1. Cat and Cow Pose (Bitilasana and Marjariasana)
Cat and cow pose is an excellent back bending posture that involves movement of all regions of the spine. This is a great pose to explore the three main components of the lumbar, thoracic, and cervical spinal regions. Remember not to put too much pressure on your lumbar spine in this pose and try to engage your thoracic spine instead.
2. Sphinx Pose (Bhujangasana)
Sphinx pose is a gentle backbend that focuses exclusively on the thoracic spine. To engage more deeply in this pose, a common recommendation is to strengthen through the core and drop your pelvis downward to extend through your upper back. This small movement stabilizes your pelvis to allow for a deeper extension further up your spine.
3. Bridge Pose (Setu Bandhasana)
Bridge pose is a supine backbend yoga pose that is great for beginner yoga students exploring backbends. One of the most common issues in this yoga pose is an increase in pressure in the lumbar spine. You can help protect this region by placing a block between your thighs to engage your hip abductors and stabilize your pelvis.
4. Camel Pose (Ustrasana)
Camel pose is another pose that people tend to bend through their lumbar spine, but they really should focus more on the thoracic spine instead. To support this movement, camel pose requires first shifting your hips forward to stabilize your pelvis and activate your hip extensors, and then once your lower spine has been stabilized, you can lean back through your upper back and get a deep stretch through your thoracic spine.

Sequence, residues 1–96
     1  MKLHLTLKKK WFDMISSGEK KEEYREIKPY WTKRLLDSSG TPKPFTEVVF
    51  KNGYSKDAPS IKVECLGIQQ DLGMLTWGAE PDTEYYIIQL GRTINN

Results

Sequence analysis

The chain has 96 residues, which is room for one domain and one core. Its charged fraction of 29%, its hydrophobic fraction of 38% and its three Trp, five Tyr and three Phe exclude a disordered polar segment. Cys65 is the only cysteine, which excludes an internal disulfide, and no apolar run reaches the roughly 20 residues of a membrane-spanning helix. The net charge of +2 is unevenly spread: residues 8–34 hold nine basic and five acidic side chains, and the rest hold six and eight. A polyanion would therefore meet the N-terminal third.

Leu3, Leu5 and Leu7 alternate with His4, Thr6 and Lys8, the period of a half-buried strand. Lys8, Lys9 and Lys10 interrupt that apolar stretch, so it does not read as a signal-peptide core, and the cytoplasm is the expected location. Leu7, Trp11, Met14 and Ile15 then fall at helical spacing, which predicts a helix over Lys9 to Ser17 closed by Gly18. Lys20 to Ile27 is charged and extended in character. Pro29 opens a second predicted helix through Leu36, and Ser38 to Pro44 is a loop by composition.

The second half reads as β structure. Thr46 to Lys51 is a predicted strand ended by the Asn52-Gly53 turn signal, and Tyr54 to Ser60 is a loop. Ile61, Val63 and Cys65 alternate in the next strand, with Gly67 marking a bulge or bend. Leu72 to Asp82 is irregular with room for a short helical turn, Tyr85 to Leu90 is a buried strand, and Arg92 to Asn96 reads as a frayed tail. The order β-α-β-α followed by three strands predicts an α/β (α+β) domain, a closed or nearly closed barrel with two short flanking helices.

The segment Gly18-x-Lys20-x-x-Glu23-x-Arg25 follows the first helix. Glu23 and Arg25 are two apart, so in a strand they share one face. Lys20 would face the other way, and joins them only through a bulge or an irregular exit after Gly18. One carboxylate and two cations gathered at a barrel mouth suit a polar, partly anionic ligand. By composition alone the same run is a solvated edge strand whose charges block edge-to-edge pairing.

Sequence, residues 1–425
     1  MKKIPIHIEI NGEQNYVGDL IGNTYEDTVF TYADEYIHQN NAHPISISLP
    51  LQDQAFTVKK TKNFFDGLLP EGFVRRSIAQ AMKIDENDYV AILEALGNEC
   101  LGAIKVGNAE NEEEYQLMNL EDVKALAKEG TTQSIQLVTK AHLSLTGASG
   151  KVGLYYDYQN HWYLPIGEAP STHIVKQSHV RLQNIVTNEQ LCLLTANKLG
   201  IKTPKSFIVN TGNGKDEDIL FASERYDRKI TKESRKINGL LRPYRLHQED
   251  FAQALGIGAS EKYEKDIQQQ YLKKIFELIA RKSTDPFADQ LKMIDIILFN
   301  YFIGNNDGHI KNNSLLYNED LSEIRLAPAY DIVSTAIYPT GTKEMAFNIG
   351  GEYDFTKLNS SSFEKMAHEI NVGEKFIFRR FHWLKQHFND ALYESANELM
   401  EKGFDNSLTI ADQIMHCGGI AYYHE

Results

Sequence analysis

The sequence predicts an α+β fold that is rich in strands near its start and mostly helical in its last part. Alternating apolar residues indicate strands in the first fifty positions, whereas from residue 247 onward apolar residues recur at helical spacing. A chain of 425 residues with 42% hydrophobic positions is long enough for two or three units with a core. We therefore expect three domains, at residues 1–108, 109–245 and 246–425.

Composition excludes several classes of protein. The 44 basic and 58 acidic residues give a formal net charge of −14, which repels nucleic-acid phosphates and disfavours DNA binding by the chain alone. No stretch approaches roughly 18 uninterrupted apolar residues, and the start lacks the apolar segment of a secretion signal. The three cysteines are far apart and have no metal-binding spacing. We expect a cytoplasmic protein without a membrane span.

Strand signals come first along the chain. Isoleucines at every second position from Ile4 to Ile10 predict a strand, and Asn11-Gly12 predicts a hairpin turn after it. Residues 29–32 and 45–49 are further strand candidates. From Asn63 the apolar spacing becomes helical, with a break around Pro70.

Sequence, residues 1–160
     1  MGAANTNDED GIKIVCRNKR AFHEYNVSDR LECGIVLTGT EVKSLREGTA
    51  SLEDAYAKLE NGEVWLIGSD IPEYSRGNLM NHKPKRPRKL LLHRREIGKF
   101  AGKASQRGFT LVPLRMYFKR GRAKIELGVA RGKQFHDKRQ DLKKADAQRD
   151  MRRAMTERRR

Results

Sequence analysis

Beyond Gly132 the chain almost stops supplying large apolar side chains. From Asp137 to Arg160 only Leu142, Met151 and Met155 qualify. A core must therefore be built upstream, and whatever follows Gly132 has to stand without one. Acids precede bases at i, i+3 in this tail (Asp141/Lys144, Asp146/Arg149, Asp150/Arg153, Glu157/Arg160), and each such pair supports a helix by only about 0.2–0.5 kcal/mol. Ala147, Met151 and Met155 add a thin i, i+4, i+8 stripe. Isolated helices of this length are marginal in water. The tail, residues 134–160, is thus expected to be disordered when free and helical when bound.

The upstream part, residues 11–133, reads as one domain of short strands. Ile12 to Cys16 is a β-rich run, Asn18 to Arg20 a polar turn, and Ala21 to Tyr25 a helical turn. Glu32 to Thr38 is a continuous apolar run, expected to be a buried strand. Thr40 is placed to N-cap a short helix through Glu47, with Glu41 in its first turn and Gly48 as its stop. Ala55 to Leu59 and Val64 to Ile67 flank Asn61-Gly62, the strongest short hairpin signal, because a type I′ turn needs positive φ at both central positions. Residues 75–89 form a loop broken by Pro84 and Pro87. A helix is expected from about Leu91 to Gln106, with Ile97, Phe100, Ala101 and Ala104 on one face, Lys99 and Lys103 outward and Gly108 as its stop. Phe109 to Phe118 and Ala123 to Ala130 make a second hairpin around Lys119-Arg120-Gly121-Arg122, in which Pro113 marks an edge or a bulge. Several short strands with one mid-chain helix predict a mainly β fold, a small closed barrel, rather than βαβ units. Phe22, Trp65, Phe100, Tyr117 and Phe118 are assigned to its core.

5. Fish Pose (Matsyasana)
Fish pose is an excellent yoga pose to deepen through the thoracic spine and understand the different regions of the spine. Since this is a supine backbend, the position of this yoga pose naturally helps you stabilize the pelvis and bend through the upper back. Make sure to tilt your pelvis gently forward, stabilize your lumbar spine, and then bend through the thoracic spine to avoid hinging in your joints. Also, avoid the temptation to bend deeply through the cervical spine, as this can put undue pressure on your neck.
Backbends are a core part of yoga classes. When we move the spine in different directions, we release the central region of tension in the body and support the entire system. The spine holds up the whole body, so this is often the first area to accumulate stress. Therefore, it needs the most support to release.
If you are interested in learning more about yoga and how to support your body and your students in backbends in a yoga class, then make sure to check out our online yoga teacher training courses. In our online 200hr and 300hr yoga teacher training courses, we give you all the tools you need to support your students through nourishing backbends and a full release of the spine. Reach out to us for more information on how you can join our upcoming yoga teacher training course!